Assignment 7: Pitch your story and screenplay to the class in five minutes.
By rewriting and pitching, you can integrate what you have done in the course’s previous assignments. No matter where your story is situated in the building process, it is important that you are continuing to explore, rewrite and pitch your ideas. It is important that other knowledgeable folks read and comment about your work as often as possible, at least on occasion.
What does it mean to “pitch” my project?
In a few short minutes, speak in depth to the class about your project. Integrate the work you’ve done so far and express your vision for the story, describing the passions that drive your commitment and plans. Help each of us to focus our attention upon the essence and details of your story and project–convince, describe, persuade and motivate us to love your story and project–how could an audience relate to it? Do you seek funding? Collaboration? Why should your story and screenplay become a film or other performance? What do you need, want, and seek? In the pitch tell us about your story and the main character’s objectives. Describe and seek and ye shall find. It’s OK to use notes or other presentation tools as you pitch your project, but it’s better if you just speak knowledgeably and informatively from your heart.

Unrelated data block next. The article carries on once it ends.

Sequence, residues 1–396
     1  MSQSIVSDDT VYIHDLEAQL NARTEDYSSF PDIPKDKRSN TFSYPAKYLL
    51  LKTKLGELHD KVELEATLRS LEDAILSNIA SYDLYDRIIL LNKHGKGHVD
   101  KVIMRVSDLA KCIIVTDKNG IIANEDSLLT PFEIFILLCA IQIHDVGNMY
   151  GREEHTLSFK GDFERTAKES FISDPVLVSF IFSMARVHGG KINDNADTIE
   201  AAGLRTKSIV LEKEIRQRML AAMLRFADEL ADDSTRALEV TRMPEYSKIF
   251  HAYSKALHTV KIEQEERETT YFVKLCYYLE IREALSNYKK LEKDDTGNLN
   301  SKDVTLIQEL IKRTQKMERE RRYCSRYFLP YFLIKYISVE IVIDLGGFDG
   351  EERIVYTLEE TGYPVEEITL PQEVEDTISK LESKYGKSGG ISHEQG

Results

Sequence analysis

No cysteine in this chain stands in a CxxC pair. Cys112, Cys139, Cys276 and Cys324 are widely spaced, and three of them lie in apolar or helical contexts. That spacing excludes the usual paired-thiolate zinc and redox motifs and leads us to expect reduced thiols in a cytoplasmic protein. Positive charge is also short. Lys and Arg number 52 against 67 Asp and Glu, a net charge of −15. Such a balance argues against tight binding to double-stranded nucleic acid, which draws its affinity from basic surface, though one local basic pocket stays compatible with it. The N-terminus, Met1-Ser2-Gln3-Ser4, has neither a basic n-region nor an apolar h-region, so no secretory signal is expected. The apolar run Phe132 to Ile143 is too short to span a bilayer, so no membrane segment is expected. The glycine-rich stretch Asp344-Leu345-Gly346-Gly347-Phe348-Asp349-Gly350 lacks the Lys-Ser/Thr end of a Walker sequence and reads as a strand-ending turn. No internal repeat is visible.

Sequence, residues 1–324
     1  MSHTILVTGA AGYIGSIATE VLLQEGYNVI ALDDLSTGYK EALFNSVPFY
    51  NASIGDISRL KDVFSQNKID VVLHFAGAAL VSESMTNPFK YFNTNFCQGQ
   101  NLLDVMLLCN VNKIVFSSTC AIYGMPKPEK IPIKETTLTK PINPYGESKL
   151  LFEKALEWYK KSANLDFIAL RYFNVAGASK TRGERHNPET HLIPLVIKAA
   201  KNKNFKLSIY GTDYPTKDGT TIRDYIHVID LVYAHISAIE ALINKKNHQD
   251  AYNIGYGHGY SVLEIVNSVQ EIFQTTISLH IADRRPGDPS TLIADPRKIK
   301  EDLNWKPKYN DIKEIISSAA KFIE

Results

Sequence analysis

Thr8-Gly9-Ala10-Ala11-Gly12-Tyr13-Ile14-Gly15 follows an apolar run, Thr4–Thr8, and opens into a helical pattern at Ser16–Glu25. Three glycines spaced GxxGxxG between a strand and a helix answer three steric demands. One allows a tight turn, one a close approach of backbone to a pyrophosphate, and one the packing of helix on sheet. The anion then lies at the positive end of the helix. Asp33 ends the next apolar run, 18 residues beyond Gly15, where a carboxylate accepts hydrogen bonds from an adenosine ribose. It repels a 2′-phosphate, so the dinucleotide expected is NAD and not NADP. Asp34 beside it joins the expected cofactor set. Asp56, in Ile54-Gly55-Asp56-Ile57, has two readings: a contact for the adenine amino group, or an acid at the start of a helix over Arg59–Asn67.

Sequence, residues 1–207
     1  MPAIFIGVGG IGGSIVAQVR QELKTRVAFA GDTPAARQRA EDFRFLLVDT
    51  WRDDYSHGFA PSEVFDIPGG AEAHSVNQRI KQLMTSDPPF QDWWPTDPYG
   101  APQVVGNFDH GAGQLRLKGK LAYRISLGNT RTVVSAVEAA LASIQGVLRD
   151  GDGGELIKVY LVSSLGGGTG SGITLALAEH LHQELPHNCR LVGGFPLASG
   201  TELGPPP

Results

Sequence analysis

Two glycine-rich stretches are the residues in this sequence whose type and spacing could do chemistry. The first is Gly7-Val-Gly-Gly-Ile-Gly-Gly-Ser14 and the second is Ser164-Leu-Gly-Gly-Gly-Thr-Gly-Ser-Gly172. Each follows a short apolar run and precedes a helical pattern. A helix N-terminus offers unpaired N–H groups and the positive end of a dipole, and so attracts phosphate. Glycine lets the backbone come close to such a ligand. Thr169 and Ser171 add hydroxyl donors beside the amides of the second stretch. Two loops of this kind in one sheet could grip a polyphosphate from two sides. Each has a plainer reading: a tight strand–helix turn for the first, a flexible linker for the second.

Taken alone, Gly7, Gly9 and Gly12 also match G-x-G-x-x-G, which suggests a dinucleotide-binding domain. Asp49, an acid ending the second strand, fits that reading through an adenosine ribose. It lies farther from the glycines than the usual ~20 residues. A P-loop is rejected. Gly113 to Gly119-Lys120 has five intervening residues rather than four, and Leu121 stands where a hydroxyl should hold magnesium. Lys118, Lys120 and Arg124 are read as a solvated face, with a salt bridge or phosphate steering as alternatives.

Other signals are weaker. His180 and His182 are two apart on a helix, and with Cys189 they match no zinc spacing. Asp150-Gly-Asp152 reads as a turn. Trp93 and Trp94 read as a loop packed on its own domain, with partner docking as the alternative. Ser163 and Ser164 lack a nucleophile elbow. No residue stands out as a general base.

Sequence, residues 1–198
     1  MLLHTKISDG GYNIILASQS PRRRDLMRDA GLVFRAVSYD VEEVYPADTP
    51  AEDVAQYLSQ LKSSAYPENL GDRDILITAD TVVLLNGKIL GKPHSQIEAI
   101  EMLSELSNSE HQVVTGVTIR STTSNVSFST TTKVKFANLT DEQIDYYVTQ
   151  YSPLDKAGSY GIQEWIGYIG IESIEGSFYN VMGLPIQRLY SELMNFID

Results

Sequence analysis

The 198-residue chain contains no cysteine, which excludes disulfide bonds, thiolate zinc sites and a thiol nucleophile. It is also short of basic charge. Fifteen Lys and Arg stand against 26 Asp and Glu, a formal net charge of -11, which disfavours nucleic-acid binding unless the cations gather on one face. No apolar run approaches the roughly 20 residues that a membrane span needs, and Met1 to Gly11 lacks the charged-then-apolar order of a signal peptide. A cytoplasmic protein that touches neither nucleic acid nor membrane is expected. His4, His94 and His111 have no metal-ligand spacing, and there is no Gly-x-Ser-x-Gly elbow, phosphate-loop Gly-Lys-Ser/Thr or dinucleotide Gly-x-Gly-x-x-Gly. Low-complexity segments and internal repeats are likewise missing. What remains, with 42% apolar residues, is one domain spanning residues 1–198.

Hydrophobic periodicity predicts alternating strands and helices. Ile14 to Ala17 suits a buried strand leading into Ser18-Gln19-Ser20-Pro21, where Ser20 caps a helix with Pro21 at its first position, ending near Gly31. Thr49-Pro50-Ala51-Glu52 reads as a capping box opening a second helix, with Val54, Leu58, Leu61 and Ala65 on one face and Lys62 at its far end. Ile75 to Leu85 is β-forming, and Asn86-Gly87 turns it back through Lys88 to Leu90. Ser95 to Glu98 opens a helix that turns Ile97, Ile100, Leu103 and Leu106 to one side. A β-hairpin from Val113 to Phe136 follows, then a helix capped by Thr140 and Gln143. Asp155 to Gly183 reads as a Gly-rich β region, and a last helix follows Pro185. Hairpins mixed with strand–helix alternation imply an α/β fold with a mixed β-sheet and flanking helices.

What can I do when the class is over?
All students, beginning or advanced, are encouraged to take the class multiple times. In between classes, your goal should be to integrate what you have done in the course’s previous assignments. No matter where your story is situated in the building process, it is important that you are continuing to explore, write and rewrite and pitch your ideas. It is important that other knowledgeable folks read and comment about your work, at least on occasion. Keep writing and never quit.